• 18. 18 Ground Fixed  Base coverage or Asset protection (pipe line, border) • Base coverage: RAN & EPC could be combined. • Critical Asset protection: Multiple RANs with backhaul to EPC  Equipment Requirements • Ruggedization for RAN • EPC could be in Benign environment
  • 19. 19 Ship board deployments  Ship board communications • Mainly used for wireless data communication • Satellite uplink to land based network • Multiple RANs with backhaul to EPC • Redundant EPC  Equipment requirements • RANs will sealed and ruggedized • EPC will be in benign environment. Could be redundant rack mount servers (RMS) or 2U ATCA. Minor ruggedization required
  • 20. 20 Airborne Use Cases RAN Tactical Operations Center (TOC)  Wide area coverage • RAN in on UAV • Typically Satellite backhaul to EPC • EPC could be on UAV  Equipment requirements • RAN low SWaP, rugged sealed box. • EPC – Benign Environment (Tactical Operation Center) redundant RMS or 2U ATCA. Minor ruggedization – Data Center
  • 21. 21 SOP 303 Definition • The National Communications System's Standard Operating Procedure 303 (SOP 303) (Emergency Wireless Protocols) describes a shutdown and restoration process for use by commercial and private wireless networks in the event of a national crisis. Overview • Developed under the President's National Security Telecommunications Advisory Committee, in coordination with representatives from the Federal Communications Commission, the Department of Homeland Security, the Federal Bureau of Investigation, the New York Department of Homeland Security and other government representatives, as well as private sector stakeholders.
  • 22. 22 Public Safety: 1st Responders Moore, Oklahoma May, 2013: • Cell towers damaged • Difficult voice communications • Spotty data service • Inter-Agency support for life saving activities Compact LTE Benefits Fire & Rescue  Contingency for network failure  Multi-Agency Support  Incident images/videos  Improved co-ordination  Up-to-date conditions Police & Security Disaster Management  Evidence collection  Response Coordination  Remote form entry  Remote access to content-rich databases  Videos and images from incident site for command centers  Inter and intra team group communication
  • 23. COTS Platforms for Aerospace and Defence Chandresh Ruparel Product Line Manager Platforms
  • 24. 24 Products  High Performance Intel based Compute  Media Processing  Digital Signal Processing (DSP)  Switching  Storage  System Software Customer Applications Intel Architecture Benefits Deep Packet Inspection, Traffic Shaping Femto, Small Cell Wireless Voice, Data & Video - LTE, 3G Mobile Video Military Comms Satellite Comms Network Monitoring UAV Ground Station Video Streaming IMS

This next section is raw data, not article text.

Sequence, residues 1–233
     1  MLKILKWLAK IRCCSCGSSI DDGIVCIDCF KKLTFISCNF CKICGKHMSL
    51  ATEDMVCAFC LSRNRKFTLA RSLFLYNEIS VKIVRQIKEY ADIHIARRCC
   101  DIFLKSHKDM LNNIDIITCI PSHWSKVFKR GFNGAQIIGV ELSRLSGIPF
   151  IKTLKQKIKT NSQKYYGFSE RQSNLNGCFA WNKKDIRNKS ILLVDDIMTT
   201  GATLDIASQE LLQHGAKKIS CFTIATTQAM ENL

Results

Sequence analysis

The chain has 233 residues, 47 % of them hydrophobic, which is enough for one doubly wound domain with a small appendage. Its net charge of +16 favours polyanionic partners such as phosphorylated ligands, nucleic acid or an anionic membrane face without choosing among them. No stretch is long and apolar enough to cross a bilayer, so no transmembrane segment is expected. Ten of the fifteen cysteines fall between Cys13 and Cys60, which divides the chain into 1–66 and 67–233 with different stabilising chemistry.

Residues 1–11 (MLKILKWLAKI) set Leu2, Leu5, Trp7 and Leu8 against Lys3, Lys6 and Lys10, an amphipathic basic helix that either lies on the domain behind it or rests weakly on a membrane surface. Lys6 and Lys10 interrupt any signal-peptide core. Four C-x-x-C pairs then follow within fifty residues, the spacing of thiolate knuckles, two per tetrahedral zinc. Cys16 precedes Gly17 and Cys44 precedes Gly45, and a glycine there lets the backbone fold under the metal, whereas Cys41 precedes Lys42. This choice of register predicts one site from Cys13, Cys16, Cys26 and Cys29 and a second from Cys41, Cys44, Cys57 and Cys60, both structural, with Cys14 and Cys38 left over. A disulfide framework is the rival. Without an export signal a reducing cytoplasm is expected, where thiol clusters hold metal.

• 25. 25 Intel Inside: Network Appliances & COM Express Products  Computer on Module (COM) Express: Mobile, low power, small form factor, ruggedized, extended temperature  Network Appliance: High performance image processing, long-life solutions  ATCA: Wide range of Telecom-Grade Chassis/Blade architectures Applications  Network Security  Machine imaging  Portable Instruments  Defense Communications: Manned and Unmanned Ground Vehicles, Ruggedized Military Laptops  High-end graphics for COCs
  • 26. 26 Proven COTS Assets for Aero & Defense IP Media Resource Function (MRF) Network Appliance & COM ExpressAdvancedTCA
  • 27. 27  Today’s Warfighter requires what Radisys can deliver off the shelf:  Broad range of performance from handheld to enterprise servers  Fast development and deployment  Technology insertions without complete replacement  Open Standards-based COTS solutions  Secure/survivable on the move networks with Battlefield Cellular in a Box  Battlefield conferencing- voice, video, data  Integrated Missions facilitated with latest processing technology (dismounts, platforms, and backhaul to Ops Centers ashore or afloat)  Bottom Line: Radisys hardware & software technology is application-ready to become a key enabler of systems for the Warfighter on the battlefield from the center to the edge.  Radisys delivers the reliability, long lifetime, and excellent support that your program demands.  ISO9000, TL9000 certified at multiple locations  ITAR registered, # M28204 7-10 Radisys Adds Value to our Customers’ products for their military customers
  • 28. Battlespace Visualization Ray Adensamer Product Line Manager MRF and Conferencing